LONDON — A ticket-buying expert is revealing the secrets of what you should be doing to secure tickets to the most competitive concerts and festivals. Music journalist Georgie Rogers, a veteran of what she describes as the “military operation” of grabbing tickets, says teaming up with friends and family to all try their luck is key.
According to Rogers, tablets tend to work best as they are the quickest to connect to the internet, and would-be attendees should know the layout of different venues by heart so they know what tickets and seats to get. However, overloading a Wi-Fi network is a no-no, as this can slow the connection and lead to missed opportunities.
The ticket-buying pro’s tips come as a new survey of 2,000 adults finds 53 percent have missed out on attending their dream festival or concert because they were stuck in an online queue. According to fans of live events in the United Kingdom, tickets to Glastonbury, the World Cup, Ed Sheeran, and Wimbledon rank as the hardest live events to get tickets for online.
For every three attempts to buy tickets for a live event online, respondents were only successful with two of them. When trying to secure the goods, 32 percent set up different devices and log in 12 minutes before the queue opens.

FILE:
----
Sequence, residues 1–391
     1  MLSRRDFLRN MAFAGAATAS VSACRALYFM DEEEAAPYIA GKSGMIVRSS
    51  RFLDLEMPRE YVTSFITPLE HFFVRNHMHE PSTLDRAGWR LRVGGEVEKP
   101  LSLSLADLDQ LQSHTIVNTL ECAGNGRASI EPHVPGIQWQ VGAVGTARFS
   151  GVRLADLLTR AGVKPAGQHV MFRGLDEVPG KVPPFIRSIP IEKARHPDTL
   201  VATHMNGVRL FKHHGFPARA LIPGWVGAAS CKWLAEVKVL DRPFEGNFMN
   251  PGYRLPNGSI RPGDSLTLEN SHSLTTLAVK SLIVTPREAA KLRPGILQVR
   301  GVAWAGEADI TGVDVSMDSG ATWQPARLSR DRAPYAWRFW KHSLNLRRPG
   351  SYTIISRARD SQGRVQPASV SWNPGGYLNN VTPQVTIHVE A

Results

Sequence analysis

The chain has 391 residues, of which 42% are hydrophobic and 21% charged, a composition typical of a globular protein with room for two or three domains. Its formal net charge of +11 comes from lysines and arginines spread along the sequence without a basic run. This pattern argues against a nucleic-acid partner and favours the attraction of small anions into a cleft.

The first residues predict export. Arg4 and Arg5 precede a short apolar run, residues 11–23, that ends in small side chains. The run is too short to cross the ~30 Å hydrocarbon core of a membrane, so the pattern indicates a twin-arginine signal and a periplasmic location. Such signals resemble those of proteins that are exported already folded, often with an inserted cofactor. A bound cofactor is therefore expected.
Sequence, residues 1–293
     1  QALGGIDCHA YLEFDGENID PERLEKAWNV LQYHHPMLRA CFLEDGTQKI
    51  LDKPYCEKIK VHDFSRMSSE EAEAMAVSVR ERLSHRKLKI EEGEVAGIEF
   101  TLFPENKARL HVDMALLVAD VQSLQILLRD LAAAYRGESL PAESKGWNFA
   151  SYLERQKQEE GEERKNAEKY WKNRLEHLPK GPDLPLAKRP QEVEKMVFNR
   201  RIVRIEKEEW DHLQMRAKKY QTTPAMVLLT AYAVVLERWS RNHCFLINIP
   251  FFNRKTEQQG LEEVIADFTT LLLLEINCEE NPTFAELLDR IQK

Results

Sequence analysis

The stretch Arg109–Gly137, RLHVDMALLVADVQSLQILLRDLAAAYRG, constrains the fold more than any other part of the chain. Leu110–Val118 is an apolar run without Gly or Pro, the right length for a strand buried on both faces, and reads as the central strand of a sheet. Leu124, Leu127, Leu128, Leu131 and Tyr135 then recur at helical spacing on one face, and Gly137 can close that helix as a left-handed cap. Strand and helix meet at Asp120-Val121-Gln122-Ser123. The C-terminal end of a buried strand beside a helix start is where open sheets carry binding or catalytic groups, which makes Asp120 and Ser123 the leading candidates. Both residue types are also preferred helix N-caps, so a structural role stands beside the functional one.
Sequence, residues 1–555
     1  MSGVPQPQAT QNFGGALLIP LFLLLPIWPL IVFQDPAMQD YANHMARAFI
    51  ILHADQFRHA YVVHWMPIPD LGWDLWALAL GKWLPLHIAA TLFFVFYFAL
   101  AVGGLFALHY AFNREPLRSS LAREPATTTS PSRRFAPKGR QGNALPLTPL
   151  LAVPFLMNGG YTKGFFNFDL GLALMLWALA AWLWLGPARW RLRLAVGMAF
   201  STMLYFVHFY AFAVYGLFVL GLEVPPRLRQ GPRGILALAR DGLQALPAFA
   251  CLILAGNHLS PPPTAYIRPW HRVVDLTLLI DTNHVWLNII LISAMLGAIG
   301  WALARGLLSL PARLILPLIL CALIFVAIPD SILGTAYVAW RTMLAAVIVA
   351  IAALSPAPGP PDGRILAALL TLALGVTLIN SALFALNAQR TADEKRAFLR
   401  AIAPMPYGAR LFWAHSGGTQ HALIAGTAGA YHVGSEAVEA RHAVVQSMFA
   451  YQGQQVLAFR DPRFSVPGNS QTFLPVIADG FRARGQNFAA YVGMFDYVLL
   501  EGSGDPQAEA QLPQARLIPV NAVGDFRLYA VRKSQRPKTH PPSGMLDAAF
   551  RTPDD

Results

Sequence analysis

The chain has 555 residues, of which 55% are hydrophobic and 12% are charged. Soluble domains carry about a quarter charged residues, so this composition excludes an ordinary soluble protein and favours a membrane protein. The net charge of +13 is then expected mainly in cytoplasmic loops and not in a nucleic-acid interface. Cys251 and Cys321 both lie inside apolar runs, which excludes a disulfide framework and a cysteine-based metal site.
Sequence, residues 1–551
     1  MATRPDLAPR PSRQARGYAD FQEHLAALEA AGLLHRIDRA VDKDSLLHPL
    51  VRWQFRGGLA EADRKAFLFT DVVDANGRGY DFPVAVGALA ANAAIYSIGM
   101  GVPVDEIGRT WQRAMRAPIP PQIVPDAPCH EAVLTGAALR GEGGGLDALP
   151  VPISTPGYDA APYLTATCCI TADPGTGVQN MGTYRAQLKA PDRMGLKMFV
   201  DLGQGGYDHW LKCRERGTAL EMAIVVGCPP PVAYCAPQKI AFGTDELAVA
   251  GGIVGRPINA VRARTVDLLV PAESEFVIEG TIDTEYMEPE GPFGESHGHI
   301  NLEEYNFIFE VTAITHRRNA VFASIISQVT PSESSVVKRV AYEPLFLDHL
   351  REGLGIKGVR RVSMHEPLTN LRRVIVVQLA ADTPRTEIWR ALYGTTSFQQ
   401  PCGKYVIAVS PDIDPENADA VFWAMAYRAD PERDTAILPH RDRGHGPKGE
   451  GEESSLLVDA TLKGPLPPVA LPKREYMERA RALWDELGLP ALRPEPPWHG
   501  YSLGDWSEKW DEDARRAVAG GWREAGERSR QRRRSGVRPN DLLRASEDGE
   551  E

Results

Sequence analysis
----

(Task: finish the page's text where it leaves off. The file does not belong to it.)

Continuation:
“There are countless gigs and live events I’ve been desperate to get tickets for, only to find them all seemingly selling out within a second of going live on sale,” says Rogers, who is working with Lottoland.co.uk on a must-have guide to getting high demand tickets, in a statement.
“Through trial and error, research and lots of practice I’ve perfected the art and there are definitely tips and tricks you need to be aware of if you’re going after the hottest tickets. Glastonbury is in huge demand every year and any stadium tour will usually mean online queues and sweaty palms as you wait for your turn to book.”
The research also found 62 percent of adults think buying tickets online is simply too hard nowadays. Pricing (50%), automated bots buying up tickets (44%), and the time involved (37%) are the biggest barriers to success, according to the OnePoll survey.
Additionally, 52 percent consider getting tickets to something like Glastonbury about as unlikely as winning the actual lottery. As many as 12 percent would even trade in a jackpot-winning lottery ticket if it meant front-row seats to the band or artist of their dreams, dead or alive.
“Trying to get tickets for a big event can definitely feel like a lottery,” a spokesperson for Lottoland adds in a statement. “And it’s surprising to see that as many as one in 10 of us would trade a winning jackpot in for gig tickets.”
“Given how strongly people feel about getting to see their favorite artists, it’s no wonder we employ all sorts of tips and hacks to try and make our odds of getting through just a little better.”
You might also be interested in:
- Music festivals like Burning Man make people more generous, socially connected to others
- Opening Day 2023: 1 in 3 baseball fans can’t afford tickets this year
- Feeling lucky? That might depend on which state you live in, study reveals
South West News Service writer Charlotte Minett contributed to this report.